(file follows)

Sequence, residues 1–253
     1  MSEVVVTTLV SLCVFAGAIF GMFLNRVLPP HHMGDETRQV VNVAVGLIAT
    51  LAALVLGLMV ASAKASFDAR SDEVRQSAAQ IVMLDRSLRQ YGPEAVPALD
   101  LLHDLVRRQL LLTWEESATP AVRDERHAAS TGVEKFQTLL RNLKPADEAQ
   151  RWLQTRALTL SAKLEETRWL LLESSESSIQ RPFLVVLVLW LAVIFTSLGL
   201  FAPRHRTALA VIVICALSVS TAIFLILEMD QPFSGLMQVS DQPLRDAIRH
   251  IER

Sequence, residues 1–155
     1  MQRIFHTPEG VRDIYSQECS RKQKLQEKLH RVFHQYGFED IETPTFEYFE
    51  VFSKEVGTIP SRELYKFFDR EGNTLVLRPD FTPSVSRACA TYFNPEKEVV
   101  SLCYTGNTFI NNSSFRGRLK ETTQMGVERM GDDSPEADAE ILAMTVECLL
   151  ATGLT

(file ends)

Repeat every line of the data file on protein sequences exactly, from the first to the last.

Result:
Sequence, residues 1–253
     1  MSEVVVTTLV SLCVFAGAIF GMFLNRVLPP HHMGDETRQV VNVAVGLIAT
    51  LAALVLGLMV ASAKASFDAR SDEVRQSAAQ IVMLDRSLRQ YGPEAVPALD
   101  LLHDLVRRQL LLTWEESATP AVRDERHAAS TGVEKFQTLL RNLKPADEAQ
   151  RWLQTRALTL SAKLEETRWL LLESSESSIQ RPFLVVLVLW LAVIFTSLGL
   201  FAPRHRTALA VIVICALSVS TAIFLILEMD QPFSGLMQVS DQPLRDAIRH
   251  IER

Sequence, residues 1–155
     1  MQRIFHTPEG VRDIYSQECS RKQKLQEKLH RVFHQYGFED IETPTFEYFE
    51  VFSKEVGTIP SRELYKFFDR EGNTLVLRPD FTPSVSRACA TYFNPEKEVV
   101  SLCYTGNTFI NNSSFRGRLK ETTQMGVERM GDDSPEADAE ILAMTVECLL
   151  ATGLT